Jane's House Basic Teacher Training Program is designed to give aspiring teachers the necessary knowledge, experience, and technical tools to teach a yoga practice that meets the multifaceted demands of today's practitioners. In 2005, Jane's House became an affiliate training school to Matthew and Holly Krepps', Circle Yoga Shåla Teacher Training Program, being one of the first Registered Schools in the St. Louis region. Our program is directed by Robin Buck, a dedicated student of Matthew, privileged to carry on this gift of training teachers using the curriculum that has been refined for years and from the lineage of Matthew’s teacher, Godfrey Devereux.  

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It is theoretically and historically coherent with the wisdom that has come down through the ages, and can therefore help to cultivate a practice that is physically stimulating and challenging, while being safe and restorative to the human body and its inherent design. 

Its interpretation of that ancient wisdom opens the capacity in the teacher to manage and assist the student's efforts in the life long endeavor that serious Yoga practice is for those who are interested. It also cultivates in the teacher the important capacity for self-enquiry, meditation, and study, so that problem solving is not an impediment to practice or teaching. And it clarifies for both teacher and student how an activity like Yoga can be spiritually edifying to anyone, with any particular belief system or faith.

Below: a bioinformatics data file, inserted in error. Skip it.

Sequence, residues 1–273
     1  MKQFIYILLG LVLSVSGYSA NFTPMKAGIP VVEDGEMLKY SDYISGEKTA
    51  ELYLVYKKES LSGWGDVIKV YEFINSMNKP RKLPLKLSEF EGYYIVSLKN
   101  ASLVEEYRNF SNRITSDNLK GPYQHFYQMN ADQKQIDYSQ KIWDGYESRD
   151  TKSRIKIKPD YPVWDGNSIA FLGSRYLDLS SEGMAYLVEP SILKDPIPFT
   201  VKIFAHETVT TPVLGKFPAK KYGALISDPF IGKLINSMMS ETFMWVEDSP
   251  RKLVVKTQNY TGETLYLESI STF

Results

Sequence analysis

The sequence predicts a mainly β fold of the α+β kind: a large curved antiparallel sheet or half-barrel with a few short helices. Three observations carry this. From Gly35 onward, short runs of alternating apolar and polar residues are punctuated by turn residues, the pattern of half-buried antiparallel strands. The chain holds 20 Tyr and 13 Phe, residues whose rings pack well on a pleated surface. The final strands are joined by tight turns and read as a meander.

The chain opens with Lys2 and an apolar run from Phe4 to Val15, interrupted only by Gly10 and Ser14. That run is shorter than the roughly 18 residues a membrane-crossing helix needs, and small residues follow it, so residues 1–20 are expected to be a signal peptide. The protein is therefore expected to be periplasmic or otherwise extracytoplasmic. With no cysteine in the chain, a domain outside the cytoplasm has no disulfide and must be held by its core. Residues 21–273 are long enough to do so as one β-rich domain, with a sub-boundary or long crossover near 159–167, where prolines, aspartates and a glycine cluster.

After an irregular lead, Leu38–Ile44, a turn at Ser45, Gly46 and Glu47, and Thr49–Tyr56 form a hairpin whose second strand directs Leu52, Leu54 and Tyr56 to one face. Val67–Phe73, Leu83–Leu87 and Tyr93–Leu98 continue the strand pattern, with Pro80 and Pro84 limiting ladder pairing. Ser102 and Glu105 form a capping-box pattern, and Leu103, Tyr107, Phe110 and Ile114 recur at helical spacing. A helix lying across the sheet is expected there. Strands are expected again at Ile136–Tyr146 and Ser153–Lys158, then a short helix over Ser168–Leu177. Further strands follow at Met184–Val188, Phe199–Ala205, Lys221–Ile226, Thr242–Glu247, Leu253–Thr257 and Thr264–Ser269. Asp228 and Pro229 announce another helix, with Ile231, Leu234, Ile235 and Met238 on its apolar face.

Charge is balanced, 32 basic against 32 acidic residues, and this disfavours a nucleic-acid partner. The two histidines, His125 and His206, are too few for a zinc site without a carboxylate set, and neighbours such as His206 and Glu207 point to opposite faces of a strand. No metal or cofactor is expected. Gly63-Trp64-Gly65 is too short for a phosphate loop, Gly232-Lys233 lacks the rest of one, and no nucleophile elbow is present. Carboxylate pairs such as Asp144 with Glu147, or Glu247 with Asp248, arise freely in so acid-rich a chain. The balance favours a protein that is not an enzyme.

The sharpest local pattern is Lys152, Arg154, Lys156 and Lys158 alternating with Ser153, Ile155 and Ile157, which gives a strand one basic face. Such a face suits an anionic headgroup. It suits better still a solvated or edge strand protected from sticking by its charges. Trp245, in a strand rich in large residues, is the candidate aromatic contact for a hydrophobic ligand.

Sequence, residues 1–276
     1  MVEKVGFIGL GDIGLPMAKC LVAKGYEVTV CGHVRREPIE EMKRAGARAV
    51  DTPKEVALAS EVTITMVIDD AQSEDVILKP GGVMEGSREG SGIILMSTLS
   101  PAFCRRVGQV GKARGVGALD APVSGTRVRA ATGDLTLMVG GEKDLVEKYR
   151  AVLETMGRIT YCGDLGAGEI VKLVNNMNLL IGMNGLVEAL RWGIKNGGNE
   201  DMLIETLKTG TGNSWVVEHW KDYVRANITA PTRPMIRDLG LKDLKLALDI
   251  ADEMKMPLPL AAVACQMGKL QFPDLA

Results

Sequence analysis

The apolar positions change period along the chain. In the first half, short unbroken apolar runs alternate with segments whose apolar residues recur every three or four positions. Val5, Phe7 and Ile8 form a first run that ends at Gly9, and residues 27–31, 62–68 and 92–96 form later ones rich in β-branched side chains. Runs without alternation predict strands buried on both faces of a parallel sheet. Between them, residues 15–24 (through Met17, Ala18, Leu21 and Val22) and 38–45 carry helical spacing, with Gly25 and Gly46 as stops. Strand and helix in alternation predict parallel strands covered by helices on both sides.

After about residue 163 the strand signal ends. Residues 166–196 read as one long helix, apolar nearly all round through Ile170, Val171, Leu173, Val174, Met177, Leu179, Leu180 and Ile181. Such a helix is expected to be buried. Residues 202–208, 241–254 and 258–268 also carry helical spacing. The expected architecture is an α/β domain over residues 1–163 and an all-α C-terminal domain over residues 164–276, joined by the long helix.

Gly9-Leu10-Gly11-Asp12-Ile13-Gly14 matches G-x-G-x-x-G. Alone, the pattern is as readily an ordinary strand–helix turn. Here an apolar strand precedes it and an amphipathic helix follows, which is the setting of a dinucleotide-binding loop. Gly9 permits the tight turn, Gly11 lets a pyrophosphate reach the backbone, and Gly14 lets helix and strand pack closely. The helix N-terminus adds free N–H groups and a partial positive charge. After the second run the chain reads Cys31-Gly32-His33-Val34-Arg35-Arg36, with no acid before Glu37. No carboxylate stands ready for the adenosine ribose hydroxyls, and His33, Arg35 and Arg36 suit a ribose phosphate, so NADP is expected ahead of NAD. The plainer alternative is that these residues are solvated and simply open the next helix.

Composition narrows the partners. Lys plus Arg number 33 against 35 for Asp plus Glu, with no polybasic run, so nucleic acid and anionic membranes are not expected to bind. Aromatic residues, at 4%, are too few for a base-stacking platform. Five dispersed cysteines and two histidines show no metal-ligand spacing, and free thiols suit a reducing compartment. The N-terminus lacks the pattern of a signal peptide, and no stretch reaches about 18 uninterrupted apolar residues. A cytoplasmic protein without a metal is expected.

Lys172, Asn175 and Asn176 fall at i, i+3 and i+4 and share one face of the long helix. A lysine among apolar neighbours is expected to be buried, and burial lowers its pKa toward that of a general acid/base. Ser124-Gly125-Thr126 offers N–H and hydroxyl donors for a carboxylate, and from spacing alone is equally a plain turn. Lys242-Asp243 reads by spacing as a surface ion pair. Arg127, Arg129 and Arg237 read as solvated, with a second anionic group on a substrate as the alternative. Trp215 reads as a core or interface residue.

Jane's House Studio trains teachers, not instructors. The program excels in the arena of education, which challenges students who desire to share yoga with others and for those senior students who wish to deepen their practice. The Studio offers a two hundred hour training program that exceeds the certification standards set by the national Yoga Alliance's Yoga Teacher Registry. The Yoga Alliance's minimum standards for Registered Yoga Teachers (RYT) are available on their website: www.yogaalliance.org

The training is structured around several key elements:

  • Technical training (particularly in posture practice, meditation, pranayama, sequencing a class, and hands-on adjustments).
  • History and philosophy (particularly with reference to the Yoga Sutra of Patanjali and the Baghavad Gita).
  • Anatomy and physiology as applied to the practice.